I’m glad this post exists. Back at university, I used to find conversations difficult, and regularly failed to make new friends and connections.
At the same time, I had a close friend who would walk up to senior professors or startup founders after they’d given talks, without knowing them from before, and after 15 min of conversation end up laughing together, and getting invited to various cool opportunities.
I was in awe. And I was confused. I asked him how he did it. His answer was very similar to some of the advice in this post.
This was different from what I had been doing, which was roughly “Say something that sounds very complicated and insightful, and you’ll impress them”. (Ah, my youthful folly!)
I now think one of the core things allowing a good conversation to happen is to actually connect with someone—coming to understand each other, and have the things you say follow either build on, or riff off of, each other in genuinely meaningful ways. There are different ways for those meaningful exchanges to happen. Metaphorically, they can be like ping-pong games, dances, musical jams, raising a barn or exploring a jungle. However, when conversations fail, they feel more like a blisterfeld, or two loudspeakers playing two different songs at the same time.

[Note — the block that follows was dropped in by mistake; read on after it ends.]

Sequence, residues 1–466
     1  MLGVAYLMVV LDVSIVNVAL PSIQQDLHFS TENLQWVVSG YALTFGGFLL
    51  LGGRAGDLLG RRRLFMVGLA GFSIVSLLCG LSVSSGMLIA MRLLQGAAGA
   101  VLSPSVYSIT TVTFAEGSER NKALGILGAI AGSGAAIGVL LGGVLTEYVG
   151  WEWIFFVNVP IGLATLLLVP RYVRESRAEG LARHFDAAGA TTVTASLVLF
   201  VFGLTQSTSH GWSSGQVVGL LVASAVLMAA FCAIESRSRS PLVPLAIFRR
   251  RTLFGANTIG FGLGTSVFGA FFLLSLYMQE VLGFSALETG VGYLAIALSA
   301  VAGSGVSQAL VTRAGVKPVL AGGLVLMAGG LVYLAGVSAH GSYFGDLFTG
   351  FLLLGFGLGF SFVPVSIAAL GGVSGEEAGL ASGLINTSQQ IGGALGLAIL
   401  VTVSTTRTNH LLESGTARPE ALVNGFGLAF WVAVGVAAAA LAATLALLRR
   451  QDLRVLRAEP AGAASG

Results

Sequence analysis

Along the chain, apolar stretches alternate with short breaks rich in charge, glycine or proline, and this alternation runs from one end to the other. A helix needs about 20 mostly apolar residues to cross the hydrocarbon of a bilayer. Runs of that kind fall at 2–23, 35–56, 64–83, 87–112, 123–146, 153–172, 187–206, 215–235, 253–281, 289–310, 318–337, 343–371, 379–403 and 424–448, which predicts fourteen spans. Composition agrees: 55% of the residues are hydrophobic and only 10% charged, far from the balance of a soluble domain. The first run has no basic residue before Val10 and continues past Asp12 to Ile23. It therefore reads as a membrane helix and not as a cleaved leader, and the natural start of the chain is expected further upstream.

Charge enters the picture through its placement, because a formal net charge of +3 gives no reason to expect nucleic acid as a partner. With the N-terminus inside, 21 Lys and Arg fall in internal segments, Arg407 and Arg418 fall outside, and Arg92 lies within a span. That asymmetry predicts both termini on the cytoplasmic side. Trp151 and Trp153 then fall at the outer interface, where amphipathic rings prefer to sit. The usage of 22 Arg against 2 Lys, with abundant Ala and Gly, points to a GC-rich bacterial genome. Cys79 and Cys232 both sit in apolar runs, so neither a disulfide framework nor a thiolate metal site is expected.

I think this is also what makes your techniques tick. They’re largely about building a particular kind of meaningful connection. (But I don’t think they capture all of the art of conversation. For example, they don’t cover “jamming” style conversations.)
Glad you enjoyed it!
That’s interesting—I’m mostly optimising for efficient and accurate learning, but it does also seem effective for signalling sincerity and building rapport. Turns out smart people seem to enjoy talking to someone who’s clearly putting effort into understanding what they have to say!
I’m curious what you mean by jamming style conversations?